In a season defined by the improbable and unexpected contributions of Dodger bench players, the most heartening story may be that of A.J. Ellis. The 31-year-old catcher has spent the last four seasons playing second or third fiddle to the starters. He was the guy that got shuffled to and from the minors whenever one of the starting catchers was hurt, or the Dodgers needed to make room on the roster. It seemed that whenever his name was brought up as a possible everyday prospect, it was dismissed in the same breath.

The usual reasoning was that he couldn’t hit with consistency, so when it was unofficially announced over the spring that Ellis was the main candidate for the starting position, it was a bit worrisome; it seemed as if Ellis had already resigned himself to mediocrity.

But then something curious happened. A.J. Ellis started playing really well and putting up solid numbers. His .317 average, 23 RBIs and five homeruns make him the second biggest offensive threat behind Andre Ethier, with Matt Kemp out of the lineup. He’s been the personal touch on a couple of walk-off wins this year. It was Ellis who plunked the game-ending three-run homer that would finalize a 6-3 victory over the Houston Astros last Saturday, May 26.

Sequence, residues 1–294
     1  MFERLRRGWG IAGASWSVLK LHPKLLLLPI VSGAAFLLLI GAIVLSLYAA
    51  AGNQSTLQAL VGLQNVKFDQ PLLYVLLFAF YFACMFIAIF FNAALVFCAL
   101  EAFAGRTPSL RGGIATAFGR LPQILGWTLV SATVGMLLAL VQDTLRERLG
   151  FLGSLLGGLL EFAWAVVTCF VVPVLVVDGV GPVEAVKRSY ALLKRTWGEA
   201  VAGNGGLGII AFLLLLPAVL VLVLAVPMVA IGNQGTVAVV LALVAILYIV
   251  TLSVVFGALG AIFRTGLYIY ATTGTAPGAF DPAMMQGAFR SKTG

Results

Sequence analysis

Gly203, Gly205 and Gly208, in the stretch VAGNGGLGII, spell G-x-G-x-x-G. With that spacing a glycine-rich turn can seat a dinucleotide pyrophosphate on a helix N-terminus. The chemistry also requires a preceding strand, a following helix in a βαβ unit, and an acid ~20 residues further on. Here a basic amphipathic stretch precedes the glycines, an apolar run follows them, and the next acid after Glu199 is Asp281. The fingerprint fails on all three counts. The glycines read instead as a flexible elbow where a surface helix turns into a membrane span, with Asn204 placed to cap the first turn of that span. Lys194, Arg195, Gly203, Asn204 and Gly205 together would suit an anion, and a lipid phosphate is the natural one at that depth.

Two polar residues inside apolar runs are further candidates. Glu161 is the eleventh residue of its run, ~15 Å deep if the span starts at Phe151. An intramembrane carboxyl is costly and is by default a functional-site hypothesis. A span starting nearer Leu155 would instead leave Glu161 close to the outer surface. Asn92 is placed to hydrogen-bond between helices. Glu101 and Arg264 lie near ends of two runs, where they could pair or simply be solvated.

Ask manager Don Mattingly to explain the remarkable facts: “He's worked and worked and worked on his swing. I can't even tell you the amount of hours this guy puts in. A couple years ago, he was getting called up, [and] he would just wear you out in the cage – and he's continued to work. That's why I say it's such a good story."

It’s a story that involved Ellis taking a stand for himself at the end of last season by telling Mattingly that he wanted to be the “everyday guy.” Ellis explains, “I thought I was ready, but first there is God’s timing and then there’s the organization’s timing.”

As for his impressive recent achievements at the plate, he says, “My hitting coaches deserve a ton of credit. I’m just trying to be the same guy every day.”

Ellis has been no slouch behind the plate either, throwing out nearly half of all would-be base stealers.

“The whole package has been great [with Ellis],” says Mattingly.

At long last, after nearly 10 years in the organization, A.J. Ellis can rightfully stake claim to the title “everyday guy.”